Proactive sanctions can help spare the ecosystem: Chainalysis exec
As many countries, entities and even individuals face international sanctions, the crypto industry seeks to find its place among increasing regulations.
Digital currencies have often been mentioned as an avenue for those subject to sanctions to divert them, such as in the recent case of Russia. In such instances, exchanges and other industry players need to understand where they stand compliance-wise.
Research out of Harvard even suggested that central banks can use Bitcoin (BTC) to fight off sanctions.
Speaking to Cointelegraph’s managing editor Alex Cohen at the Israel Crypto Conference, Chainalysis head of sanctions Andrew Fierman said sanctions are nuanced depending on the many factors which surround the situation.
“When you’re looking at countries like Iran and North Korea, from a US perspective, crypto has in fact been comprehensively sanctioned.”
He said Russia is a bit of a “different story,” as there are entity-based sanctions like companies and individuals that have been sanctioned by the United States. Along with industry-based sanctions (energy, military, etc.), all of which create a cloudy nuance around the situation.
“That’s been one of the big challenges within the industry at large. Not only in crypto but traditional finance as well.”
However, Fierman said there are methods in which major industry players could spare the ecosystem from major headaches.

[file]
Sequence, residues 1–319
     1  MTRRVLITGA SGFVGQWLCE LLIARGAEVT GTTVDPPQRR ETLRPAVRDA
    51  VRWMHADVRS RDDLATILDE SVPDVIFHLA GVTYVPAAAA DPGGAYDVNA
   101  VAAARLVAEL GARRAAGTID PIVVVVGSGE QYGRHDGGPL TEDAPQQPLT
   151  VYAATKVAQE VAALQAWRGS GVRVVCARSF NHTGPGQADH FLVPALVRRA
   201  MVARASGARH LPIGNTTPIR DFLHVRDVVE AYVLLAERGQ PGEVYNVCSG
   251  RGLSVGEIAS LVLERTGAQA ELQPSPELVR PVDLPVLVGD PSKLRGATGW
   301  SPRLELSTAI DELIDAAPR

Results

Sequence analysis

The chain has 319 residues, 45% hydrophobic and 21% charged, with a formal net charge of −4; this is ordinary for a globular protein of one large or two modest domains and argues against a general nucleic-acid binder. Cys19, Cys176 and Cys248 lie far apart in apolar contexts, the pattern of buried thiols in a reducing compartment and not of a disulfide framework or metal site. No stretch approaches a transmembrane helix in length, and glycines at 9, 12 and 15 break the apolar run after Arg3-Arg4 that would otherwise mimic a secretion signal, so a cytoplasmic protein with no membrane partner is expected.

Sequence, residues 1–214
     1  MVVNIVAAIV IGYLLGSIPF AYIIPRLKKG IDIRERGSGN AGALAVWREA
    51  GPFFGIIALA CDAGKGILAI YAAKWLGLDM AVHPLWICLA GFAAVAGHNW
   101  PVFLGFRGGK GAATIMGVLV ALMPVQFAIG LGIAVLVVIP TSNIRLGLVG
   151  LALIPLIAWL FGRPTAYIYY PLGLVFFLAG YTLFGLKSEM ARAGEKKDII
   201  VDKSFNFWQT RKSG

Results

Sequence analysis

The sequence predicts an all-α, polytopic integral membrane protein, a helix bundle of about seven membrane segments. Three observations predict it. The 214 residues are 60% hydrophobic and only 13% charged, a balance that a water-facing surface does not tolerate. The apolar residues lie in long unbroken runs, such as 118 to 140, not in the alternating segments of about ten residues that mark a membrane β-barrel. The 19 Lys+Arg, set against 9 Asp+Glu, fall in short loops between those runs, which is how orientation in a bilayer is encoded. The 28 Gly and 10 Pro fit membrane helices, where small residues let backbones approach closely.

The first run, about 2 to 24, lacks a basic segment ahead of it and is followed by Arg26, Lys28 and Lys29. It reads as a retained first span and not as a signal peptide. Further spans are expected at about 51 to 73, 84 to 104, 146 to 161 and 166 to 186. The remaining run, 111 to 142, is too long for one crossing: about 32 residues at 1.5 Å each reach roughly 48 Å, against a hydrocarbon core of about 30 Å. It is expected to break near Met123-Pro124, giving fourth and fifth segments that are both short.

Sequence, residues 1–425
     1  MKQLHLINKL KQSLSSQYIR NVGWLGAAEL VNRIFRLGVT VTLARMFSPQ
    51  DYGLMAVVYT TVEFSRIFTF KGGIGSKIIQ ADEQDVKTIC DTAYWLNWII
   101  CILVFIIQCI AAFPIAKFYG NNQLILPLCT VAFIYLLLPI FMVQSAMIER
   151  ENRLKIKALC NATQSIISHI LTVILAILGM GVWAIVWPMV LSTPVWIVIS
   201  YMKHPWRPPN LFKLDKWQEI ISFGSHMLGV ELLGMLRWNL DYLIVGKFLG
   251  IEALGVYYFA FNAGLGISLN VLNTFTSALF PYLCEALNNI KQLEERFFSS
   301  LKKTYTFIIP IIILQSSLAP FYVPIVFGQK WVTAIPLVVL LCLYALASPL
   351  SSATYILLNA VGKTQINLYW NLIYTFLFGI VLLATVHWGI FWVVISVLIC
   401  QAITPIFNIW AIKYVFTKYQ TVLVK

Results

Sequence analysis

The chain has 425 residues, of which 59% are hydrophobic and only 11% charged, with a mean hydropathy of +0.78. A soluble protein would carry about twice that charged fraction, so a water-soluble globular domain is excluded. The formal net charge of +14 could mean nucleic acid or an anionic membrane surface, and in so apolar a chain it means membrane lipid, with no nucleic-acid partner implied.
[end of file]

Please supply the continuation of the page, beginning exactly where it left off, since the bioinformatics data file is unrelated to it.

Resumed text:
“Proactively sanctioning entities and actors that are operating in a damaging way to the ecosystem is an effective way to help stop them from interacting with the ecosystem at all.”
Fierman continued to say that there are a lot of opportunities to stop illicit activity in the industry if actors are working on the blockchain.
Related: Binance still serving non-sanctioned Russians while seeking clarity on EU crypto regulations
Fierman highlighted a few recent cases of compliance enforcement from governmental entities such as the Office of Foreign Assets Control (OFAC). One of which involved the centralized exchange Kraken which was fined hundreds of thousands from OFAC, along with Bitfinex which received an even heftier fine.
“In both instances, these really show a path for entities in space to take the right approach.”
According to the head of sanctions, one of the big trends in the industry has been IP blocking and having ongoing monitoring of IP activity. This doesn’t just account for the point of “know your customer” procedures to verify user identity, but also where users login from to search for inconsistencies.
Forecasts predict crypto-related, cross-chain money laundering to reach $10 billion by 2025.